Formalization for the social sciences

lpols1114  2020-2021  Louvain-la-Neuve

Formalization for the social sciences
Due to the COVID-19 crisis, the information below is subject to change, in particular that concerning the teaching mode (presential, distance or in a comodal or hybrid format).
4 credits
30.0 h + 15.0 h
Main themes
As a matter of illustration, here are possible topics: - conflict and cooperation - voting - measurement of power - social choice - fair division

At the end of this learning unit, the student is able to :

1 This course is an introduction to mathematical modelization in social sciences at large (economics, political science, sociology, law). It is not a course in mathematics and the prerequisite do not go beyond the basic college mathematics. Its aim is to help students to develop an analytical capacity through a systematic and rigorous use of simple concepts of game and decision theory.
LPOLS 1114 provides an introduction to different types of formalization of social phenomena, allowing the analysis of themes specific to the social sciences (economics, political science, sociology, etc.). It aims to give students an analytical ability based on a systematic approach by borrowing simple concepts from mathematics, game theory, and the fields of simulation in the social sciences.
At the end of this course, students will be able to 
  • to understand the value of formalization for the social sciences and to recognize the main tools used in this field, 
  • to build models of strategic situations and analyze them using cooperative and non-cooperative game theory,
  • to use computer simulation of social phenomena using a programming environment (NetLogo).
  • to read and use references in English independently.
Topics covered:
  1. Introduction: what is formalization and modeling in the social sciences?
  2. Mathematics for the social sciences: sets, relationships, matrices, functions, permutations and combinations.
  3. Introduction to the theory of non-cooperative games: dominant and dominated strategies, Nash equilibrium, sequential games.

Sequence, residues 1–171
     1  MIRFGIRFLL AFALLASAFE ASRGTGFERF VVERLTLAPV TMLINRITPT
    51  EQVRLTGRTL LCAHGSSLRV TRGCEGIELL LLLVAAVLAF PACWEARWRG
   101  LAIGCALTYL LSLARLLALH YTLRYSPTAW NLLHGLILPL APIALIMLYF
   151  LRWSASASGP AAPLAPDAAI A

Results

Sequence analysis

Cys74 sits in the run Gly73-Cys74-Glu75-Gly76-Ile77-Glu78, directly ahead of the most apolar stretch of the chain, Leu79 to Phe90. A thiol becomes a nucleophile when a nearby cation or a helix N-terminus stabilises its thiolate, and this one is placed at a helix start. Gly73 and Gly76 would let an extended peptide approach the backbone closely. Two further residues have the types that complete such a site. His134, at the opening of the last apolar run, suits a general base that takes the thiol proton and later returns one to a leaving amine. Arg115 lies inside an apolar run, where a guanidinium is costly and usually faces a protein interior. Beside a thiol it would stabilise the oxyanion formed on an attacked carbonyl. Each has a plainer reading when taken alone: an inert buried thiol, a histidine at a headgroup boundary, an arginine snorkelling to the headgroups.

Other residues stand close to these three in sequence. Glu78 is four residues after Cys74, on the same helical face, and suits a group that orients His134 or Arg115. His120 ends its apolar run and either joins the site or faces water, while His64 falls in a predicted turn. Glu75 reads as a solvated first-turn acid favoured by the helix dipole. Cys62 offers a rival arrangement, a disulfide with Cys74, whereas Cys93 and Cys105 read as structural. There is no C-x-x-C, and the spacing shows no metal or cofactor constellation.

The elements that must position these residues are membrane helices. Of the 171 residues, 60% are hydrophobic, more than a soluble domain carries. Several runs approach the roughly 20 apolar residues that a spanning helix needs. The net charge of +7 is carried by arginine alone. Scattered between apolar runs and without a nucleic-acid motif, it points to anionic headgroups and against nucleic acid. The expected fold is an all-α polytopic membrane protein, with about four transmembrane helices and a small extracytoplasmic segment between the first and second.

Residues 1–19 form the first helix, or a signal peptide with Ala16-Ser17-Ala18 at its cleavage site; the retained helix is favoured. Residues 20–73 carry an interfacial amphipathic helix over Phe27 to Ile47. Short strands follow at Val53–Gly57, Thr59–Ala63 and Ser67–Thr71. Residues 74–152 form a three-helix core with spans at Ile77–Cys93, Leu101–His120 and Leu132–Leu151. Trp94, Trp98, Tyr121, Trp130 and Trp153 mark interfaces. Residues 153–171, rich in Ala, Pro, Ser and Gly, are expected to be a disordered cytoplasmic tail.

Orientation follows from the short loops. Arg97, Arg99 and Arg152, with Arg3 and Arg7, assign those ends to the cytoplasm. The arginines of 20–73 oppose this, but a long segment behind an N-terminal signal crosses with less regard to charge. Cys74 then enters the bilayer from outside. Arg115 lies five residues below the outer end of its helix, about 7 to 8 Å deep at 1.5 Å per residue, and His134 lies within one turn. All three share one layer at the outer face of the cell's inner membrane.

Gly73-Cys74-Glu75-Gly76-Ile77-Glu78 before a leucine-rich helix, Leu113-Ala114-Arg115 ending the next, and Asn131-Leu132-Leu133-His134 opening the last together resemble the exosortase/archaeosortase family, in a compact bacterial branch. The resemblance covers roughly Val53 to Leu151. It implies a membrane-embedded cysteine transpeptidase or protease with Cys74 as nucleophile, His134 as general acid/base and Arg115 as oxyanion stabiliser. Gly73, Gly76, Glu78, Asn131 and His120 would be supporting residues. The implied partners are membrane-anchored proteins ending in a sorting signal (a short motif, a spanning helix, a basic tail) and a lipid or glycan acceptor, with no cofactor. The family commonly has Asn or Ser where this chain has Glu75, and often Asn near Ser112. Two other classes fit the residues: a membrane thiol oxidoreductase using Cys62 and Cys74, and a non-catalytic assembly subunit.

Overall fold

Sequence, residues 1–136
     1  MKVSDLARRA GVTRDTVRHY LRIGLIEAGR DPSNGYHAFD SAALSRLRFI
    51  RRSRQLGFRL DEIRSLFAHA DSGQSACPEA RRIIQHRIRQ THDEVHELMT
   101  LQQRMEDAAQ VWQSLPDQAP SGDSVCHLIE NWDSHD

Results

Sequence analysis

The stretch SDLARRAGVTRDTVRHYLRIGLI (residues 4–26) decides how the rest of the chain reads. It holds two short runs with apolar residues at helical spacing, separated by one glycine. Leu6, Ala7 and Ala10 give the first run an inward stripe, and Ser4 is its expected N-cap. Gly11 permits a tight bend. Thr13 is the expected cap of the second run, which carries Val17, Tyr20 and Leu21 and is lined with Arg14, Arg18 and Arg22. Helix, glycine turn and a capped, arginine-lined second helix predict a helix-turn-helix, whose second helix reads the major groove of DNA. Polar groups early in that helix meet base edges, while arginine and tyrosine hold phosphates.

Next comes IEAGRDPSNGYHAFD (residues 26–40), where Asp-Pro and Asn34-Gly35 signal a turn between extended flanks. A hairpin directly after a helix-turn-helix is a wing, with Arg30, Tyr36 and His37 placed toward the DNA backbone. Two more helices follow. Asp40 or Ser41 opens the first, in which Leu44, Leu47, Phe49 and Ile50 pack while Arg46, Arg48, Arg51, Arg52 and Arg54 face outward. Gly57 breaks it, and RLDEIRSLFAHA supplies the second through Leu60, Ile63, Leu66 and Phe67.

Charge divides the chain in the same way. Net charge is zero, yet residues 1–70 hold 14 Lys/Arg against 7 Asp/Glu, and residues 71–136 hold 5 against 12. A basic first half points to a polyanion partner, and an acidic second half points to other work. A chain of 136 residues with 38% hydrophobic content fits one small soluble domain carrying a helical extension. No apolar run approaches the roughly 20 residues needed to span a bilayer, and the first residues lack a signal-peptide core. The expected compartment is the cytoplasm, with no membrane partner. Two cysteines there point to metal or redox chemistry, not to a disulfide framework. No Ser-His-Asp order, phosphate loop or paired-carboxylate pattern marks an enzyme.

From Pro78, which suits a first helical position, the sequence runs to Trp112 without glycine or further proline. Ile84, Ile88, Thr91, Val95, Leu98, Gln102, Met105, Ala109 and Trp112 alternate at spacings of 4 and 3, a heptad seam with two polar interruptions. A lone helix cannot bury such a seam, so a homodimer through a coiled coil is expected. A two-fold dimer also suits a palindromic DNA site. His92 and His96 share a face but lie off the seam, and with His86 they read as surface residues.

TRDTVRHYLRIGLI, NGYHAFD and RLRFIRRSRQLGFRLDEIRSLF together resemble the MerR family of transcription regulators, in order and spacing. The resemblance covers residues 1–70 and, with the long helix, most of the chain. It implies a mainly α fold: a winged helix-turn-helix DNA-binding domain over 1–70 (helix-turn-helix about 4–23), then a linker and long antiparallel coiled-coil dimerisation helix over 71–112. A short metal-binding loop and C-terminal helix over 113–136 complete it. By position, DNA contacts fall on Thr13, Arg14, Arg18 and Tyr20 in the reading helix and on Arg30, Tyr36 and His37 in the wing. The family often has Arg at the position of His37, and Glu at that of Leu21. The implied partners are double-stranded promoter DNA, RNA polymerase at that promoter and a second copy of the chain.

4. Introduction to cooperative game theory: the problem of stable matches, collective choices, equitable distribution, power indices. 
  5. Social science simulations: micro-simulations and multi-agent models.
  6. Introduction to social network analysis.
The course consists of a series of lectures completed by exercises.
Teaching methods

Due to the COVID-19 crisis, the information in this section is particularly likely to change.

The course is structured around lectures and practical work. Participation in sessions of practical work is required.
Evaluation methods

Due to the COVID-19 crisis, the information in this section is particularly likely to change.

A written exam organized in the regular session, combining practical exercises and multiple-choice questions.
Other information
Prerequisite: None Rating: written examination. Support: lecture notes
E.Y. Gura and M. Maschler. Insights into Game Theory : An Alternative Mathematical Experience. Cambridge University Press, 2008.
C.A. Lave and J.G. March. An introduction to models in the social sciences. University Press of America, 1993.
Bonacich, P. and Lu, P., Introduction to Mathematical Sociology, 2012, Princeton University Press
Faculty or entity

Programmes / formations proposant cette unité d'enseignement (UE)

Title of the programme
Bachelor in Philosophy, Politics and Economics

Minor in Human and Social Sciences

Bachelor in Sociology and Anthropology

Bachelor in Political Sciences: General

Bachelor in Human and Social Sciences